Proposed ‘pornwall’ to block all objectionable material – not just porn

By John Glenday | Reporter

July 29, 2013 | 1 min read

A new system of proposed internet filters, publicly championed by Prime Minister David Cameron as a means to clamp down on hardcore pornography, will also be used to block access to other objectionable material, according to the Open Rights Group.

The digital freedom campaign group found that internet service providers are working on filters to automatically block individuals from accessing ‘violent material’, ‘extremist related content’, ‘anorexia and eating disorder websites’, ‘suicide related websites’, ‘alcohol’ and ‘smoking’.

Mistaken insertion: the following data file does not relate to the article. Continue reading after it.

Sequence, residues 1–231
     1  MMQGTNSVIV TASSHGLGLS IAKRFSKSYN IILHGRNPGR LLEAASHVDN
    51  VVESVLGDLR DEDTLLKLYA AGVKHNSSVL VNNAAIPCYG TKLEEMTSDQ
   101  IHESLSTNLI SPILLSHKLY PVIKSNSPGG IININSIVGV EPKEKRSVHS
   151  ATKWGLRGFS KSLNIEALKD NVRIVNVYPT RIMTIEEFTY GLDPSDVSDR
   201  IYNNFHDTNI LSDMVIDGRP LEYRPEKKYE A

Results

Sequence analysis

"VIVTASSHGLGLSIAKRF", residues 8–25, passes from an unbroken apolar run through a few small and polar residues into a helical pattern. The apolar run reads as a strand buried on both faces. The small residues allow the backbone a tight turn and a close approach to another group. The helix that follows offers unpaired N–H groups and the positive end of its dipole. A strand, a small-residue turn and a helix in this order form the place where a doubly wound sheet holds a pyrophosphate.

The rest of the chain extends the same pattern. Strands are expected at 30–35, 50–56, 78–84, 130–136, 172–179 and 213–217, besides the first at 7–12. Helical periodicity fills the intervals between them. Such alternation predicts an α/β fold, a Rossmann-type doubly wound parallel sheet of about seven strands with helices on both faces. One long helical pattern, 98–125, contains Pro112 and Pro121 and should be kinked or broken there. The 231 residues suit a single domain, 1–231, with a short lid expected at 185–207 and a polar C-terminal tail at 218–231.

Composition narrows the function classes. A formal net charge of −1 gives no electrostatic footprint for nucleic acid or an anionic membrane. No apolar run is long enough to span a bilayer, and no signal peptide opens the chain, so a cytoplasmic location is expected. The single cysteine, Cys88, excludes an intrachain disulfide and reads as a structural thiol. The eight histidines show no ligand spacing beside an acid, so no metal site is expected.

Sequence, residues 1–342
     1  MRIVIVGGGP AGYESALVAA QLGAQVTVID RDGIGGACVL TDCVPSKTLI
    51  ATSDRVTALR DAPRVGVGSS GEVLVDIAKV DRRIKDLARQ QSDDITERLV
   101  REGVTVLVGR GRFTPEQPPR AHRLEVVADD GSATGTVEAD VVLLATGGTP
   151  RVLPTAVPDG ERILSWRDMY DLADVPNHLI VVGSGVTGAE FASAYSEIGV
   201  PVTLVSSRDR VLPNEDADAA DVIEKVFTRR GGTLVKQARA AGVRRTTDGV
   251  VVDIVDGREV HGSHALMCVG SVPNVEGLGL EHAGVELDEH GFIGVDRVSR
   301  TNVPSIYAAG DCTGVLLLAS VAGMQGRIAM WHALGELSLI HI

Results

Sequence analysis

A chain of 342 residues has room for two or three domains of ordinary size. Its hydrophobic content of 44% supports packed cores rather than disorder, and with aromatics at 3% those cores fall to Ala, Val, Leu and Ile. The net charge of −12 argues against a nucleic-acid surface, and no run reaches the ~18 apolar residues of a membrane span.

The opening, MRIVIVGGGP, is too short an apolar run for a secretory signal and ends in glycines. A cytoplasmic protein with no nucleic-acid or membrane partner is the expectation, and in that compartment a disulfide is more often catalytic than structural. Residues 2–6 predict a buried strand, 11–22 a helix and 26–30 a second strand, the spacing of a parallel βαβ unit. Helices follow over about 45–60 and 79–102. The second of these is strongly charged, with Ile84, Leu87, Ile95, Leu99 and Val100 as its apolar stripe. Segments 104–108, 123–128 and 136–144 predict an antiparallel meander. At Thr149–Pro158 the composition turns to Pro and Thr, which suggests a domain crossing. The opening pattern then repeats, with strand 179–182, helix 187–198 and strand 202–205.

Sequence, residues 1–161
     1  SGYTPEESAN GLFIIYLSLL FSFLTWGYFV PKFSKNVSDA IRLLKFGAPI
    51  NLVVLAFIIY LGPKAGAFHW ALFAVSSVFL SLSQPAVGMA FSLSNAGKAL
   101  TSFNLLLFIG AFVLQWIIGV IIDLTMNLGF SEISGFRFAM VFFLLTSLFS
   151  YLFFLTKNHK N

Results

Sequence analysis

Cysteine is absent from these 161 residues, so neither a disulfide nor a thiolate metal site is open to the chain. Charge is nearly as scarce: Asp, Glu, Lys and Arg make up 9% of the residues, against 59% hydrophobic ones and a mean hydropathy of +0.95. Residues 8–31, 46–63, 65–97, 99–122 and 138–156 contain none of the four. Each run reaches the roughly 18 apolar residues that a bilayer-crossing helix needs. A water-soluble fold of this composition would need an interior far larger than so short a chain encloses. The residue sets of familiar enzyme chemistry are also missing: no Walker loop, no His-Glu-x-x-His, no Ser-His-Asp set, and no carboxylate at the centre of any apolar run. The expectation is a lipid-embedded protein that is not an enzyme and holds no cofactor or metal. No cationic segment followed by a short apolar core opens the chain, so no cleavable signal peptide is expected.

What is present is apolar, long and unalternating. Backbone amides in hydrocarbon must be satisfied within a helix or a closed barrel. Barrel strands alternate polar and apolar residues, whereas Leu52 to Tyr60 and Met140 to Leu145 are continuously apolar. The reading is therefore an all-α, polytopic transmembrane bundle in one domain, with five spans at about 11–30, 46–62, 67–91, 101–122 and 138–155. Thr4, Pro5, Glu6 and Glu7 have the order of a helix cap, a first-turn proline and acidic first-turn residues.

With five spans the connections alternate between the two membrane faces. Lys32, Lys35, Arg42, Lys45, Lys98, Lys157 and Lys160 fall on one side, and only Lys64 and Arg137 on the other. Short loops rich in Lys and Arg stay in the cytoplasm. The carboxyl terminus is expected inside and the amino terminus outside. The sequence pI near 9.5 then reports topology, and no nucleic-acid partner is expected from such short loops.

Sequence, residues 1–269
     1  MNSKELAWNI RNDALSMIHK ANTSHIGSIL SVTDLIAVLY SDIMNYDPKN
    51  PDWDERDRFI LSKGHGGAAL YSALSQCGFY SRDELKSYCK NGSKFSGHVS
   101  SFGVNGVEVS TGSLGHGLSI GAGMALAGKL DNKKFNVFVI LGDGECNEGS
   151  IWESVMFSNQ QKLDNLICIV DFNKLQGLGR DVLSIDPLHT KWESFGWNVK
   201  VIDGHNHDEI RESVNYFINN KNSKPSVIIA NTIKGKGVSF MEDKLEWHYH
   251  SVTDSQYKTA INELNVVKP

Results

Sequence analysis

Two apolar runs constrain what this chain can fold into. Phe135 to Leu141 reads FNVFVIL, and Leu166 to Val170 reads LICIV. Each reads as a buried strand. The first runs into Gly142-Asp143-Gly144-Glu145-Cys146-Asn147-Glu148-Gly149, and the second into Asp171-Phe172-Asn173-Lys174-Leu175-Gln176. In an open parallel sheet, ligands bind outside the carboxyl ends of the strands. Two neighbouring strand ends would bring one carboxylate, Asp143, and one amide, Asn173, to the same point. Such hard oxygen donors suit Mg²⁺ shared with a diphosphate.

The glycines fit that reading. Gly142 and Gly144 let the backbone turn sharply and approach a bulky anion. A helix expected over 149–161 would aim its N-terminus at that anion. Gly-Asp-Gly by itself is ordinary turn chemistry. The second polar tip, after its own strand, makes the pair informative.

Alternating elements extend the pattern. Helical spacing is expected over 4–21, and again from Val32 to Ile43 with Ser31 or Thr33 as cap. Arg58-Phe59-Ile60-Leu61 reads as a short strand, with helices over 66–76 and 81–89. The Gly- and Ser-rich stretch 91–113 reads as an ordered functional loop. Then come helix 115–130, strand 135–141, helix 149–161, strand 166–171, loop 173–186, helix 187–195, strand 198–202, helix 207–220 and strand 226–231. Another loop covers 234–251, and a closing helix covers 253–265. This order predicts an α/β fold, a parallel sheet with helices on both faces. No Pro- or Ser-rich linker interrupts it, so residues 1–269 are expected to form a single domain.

Moreover the lengthy blacklist even extends to blocking ‘web forums’ and ambiguous ‘esoteric material’.

Jim Killock of the Open Rights Group said: “What's clear here is that David Cameron wants people to sleepwalk into censorship. We know that people stick with defaults: this is part of the idea behind 'nudge theory' and 'choice architecture' that is popular with Cameron.

"The implication is that filtering is good, or at least harmless, for anyone, whether adult or child. Of course, this is not true; there's not just the question of false positives for web users, but the affect on a network economy of excluding a proportion of a legitimate website's audience."

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